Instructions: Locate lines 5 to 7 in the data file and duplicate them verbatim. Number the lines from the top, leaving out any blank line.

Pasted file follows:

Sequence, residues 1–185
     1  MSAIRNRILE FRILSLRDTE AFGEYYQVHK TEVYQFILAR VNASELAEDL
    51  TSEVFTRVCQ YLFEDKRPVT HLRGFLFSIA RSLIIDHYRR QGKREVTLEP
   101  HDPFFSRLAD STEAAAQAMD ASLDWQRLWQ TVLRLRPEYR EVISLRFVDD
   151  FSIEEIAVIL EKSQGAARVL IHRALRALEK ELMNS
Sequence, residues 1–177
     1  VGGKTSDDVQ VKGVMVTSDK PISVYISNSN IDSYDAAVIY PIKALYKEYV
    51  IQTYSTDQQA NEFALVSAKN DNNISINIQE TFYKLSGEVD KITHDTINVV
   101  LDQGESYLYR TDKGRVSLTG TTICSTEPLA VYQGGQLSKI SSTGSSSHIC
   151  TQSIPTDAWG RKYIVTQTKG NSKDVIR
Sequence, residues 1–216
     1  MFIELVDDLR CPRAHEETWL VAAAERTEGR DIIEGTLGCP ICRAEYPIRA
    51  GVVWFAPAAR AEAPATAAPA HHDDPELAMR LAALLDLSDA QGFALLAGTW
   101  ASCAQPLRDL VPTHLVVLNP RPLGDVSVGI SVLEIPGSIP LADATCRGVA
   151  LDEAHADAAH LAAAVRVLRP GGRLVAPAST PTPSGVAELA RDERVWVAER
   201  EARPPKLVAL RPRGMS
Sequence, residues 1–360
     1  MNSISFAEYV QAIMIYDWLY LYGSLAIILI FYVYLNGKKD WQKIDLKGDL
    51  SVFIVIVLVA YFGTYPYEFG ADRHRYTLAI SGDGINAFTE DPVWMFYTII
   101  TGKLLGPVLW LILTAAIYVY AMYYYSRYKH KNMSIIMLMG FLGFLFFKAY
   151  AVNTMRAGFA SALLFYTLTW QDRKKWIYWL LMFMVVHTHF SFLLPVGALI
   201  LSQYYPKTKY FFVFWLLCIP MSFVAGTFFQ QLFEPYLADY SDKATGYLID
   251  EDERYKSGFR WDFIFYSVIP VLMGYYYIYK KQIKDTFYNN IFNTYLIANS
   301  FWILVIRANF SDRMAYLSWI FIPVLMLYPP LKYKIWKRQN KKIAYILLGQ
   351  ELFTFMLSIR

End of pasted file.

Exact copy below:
   151  FSIEEIAVIL EKSQGAARVL IHRALRALEK ELMNS
Sequence, residues 1–177
     1  VGGKTSDDVQ VKGVMVTSDK PISVYISNSN IDSYDAAVIY PIKALYKEYV